• Application development. Some projects involve making entirely new Salesforce apps that can either be created by Salesforce customers for internal use, or built by Salesforce technology partners and promoted on AppExchange for Salesforce customers to buy ready-made alternatives instead of building them from scratch.
  • Support. An ongoing process of maintaining a fully functioning Salesforce solution makes up a big share of Salesforce projects. As a Developer on this project, your daily workload is likely to consist of fixing bugs and performing customizations as the need arises. Sometimes you may also have to run audits to test the performance and usability of the solution, in order to uncover improvement opportunities.

The skills you need and where to get them

The skills of Salesforce Developers normally fall into two categories – technical and general. Here’s a list of skills that Salesforce pinpoints as essential:

Salesforce platform knowledgeCommunication
Object-oriented programmingProblem solving
Application lifecycle managementProject management
IntegrationsCustomer service
Web servicesWriting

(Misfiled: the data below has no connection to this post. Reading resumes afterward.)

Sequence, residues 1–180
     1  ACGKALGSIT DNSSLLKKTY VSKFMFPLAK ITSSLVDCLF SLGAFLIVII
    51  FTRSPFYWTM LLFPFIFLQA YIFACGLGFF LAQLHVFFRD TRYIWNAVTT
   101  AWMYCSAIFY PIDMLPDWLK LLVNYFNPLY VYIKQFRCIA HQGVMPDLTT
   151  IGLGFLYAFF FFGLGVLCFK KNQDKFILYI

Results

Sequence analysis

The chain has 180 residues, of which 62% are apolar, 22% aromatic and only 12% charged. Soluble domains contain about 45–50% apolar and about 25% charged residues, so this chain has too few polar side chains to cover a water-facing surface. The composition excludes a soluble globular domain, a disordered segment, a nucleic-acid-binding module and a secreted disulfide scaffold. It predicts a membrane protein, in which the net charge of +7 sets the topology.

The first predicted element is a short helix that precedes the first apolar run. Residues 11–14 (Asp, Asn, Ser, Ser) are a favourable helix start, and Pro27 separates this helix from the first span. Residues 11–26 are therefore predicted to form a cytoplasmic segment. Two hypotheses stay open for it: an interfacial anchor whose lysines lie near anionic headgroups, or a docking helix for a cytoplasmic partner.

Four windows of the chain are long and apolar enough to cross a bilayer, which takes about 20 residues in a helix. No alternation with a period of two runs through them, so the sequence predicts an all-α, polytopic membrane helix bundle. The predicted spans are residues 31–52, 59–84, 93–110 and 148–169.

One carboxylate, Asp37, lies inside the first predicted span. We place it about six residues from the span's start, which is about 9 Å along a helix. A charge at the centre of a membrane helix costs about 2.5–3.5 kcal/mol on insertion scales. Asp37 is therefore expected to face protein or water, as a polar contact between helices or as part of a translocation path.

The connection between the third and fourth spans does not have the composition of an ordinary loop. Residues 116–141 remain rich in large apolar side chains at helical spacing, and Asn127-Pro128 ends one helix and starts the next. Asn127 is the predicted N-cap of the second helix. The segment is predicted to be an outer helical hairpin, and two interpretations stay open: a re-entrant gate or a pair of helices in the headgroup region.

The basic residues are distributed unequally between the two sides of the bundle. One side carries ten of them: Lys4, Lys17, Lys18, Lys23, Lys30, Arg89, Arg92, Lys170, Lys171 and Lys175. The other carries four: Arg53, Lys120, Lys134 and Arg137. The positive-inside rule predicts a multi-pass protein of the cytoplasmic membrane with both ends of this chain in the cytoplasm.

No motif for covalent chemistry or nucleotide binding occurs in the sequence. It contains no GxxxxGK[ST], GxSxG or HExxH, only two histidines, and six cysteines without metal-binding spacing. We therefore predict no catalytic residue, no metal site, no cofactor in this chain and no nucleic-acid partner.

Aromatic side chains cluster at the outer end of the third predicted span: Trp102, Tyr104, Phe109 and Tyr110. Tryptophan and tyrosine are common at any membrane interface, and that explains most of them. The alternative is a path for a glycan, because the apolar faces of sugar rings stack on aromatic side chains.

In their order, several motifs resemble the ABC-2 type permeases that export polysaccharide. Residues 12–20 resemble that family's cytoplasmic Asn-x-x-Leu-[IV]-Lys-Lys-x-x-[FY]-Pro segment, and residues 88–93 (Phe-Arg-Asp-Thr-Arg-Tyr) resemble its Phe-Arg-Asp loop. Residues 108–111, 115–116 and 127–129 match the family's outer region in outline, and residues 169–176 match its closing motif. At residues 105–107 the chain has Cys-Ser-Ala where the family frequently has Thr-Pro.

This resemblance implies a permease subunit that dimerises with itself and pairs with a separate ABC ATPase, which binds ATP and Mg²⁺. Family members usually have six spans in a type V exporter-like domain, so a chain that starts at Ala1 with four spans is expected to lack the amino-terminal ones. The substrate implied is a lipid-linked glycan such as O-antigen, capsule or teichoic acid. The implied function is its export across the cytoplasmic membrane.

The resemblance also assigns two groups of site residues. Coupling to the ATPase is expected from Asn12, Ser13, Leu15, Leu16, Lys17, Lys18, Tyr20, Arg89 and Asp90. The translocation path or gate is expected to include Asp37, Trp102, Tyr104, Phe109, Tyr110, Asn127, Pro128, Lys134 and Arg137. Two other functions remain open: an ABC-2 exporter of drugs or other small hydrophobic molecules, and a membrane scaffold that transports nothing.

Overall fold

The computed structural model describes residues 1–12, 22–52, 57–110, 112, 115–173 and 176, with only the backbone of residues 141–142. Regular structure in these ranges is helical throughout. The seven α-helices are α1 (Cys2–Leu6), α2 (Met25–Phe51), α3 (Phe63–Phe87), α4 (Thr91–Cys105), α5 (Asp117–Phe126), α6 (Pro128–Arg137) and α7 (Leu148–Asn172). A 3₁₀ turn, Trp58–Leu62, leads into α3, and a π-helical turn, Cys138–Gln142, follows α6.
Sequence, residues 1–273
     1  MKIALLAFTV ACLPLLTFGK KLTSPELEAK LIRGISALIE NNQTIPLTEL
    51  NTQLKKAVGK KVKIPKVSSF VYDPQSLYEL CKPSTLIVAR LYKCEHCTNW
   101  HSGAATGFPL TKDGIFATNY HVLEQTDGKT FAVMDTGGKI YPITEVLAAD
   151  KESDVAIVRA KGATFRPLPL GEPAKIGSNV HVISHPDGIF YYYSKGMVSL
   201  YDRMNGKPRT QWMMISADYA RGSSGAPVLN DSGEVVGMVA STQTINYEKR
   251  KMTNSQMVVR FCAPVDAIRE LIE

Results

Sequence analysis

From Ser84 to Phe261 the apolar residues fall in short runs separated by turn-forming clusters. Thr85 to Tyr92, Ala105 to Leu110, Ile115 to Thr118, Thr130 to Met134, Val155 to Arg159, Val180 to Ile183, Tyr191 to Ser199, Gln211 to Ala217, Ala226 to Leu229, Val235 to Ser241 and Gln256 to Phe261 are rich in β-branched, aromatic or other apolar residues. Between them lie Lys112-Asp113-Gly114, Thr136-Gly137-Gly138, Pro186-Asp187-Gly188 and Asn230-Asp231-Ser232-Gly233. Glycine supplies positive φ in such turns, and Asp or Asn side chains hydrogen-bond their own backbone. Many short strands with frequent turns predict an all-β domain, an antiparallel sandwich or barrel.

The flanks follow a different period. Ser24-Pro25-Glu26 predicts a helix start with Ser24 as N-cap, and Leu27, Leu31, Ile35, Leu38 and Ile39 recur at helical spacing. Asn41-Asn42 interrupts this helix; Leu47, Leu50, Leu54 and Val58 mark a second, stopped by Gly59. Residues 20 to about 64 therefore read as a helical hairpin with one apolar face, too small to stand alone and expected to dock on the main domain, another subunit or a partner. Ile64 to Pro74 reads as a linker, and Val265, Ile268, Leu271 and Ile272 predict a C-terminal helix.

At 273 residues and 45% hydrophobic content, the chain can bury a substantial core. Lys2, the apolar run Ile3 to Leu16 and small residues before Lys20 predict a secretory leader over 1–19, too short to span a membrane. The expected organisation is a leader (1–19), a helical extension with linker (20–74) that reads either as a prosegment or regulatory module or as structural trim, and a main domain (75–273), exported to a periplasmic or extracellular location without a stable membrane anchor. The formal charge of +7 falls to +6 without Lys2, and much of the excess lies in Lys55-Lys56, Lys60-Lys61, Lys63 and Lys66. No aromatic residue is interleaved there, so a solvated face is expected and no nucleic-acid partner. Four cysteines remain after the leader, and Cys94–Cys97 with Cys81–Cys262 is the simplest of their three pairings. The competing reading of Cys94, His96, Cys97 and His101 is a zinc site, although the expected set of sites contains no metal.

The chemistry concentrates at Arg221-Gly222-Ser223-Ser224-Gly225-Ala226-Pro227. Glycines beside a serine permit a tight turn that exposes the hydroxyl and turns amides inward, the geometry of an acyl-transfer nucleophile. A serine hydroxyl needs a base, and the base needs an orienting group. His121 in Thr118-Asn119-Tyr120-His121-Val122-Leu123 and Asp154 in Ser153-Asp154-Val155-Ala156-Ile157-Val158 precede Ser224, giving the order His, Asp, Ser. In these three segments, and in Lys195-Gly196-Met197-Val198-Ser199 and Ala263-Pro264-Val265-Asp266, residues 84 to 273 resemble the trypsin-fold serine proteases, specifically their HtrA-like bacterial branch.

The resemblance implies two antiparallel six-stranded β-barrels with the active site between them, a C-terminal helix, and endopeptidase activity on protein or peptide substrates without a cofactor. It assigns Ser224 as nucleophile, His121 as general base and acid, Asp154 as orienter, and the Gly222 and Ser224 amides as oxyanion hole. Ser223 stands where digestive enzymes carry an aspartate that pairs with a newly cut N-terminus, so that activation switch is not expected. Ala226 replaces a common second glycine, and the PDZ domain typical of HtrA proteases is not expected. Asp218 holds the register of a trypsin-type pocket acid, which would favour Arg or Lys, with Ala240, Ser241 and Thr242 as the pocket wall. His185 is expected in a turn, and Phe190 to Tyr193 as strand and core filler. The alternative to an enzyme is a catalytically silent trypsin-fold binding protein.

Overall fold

JavaScriptOrganizational skills
Lightning Web Components 

Some jobs also require knowledge of Visualforce and Aura Components as well as HTML, CSS, and XML. Some may even want you to know your way around Microsoft Azure or Amazon Web Services as well as Flex, ASP, SQL, Java, or C++ but such requirements are a rarity.

If you’re joining the platform at entry level, the list of required skills will of course be less exhaustive. However, there’s still a lot to learn, which is why you may wonder where you could get all this knowledge. The answer is Trailhead – a free learning portal provided by Salesforce where you can find everything you need to jumpstart your Salesforce training.

And when the time comes for you to demonstrate your Salesforce development skills at an interview, it’s always a good idea to research common interview questions for your position and find ways to make your answers stand out.

The perks and quirks of being a Salesforce developer

If you’re eyeing a Salesforce Developer career, then you’ve probably already been tempted by the advantages the role brings. However, it’s certainly worth recapping some of the main attractions:

  • According to Salesforce the average Salesforce Developer salary in the US is about $108,000 per year (although the Mason Frank Careers and Hiring Guide will give you a city-by city guide across the US, as well as locations around the world).
  • The job is popular on the market.
  • Salesforce supports development enthusiasts with a free learning portal called Trailhead.
  • You’ll always work with modern technology. Salesforce has three releases each year with new innovative features and products pouring in every time. Even if you’re working on a project with an older Salesforce solution, it’s bound to modernize at some point, so you’ll get access to the cool stuff anyway.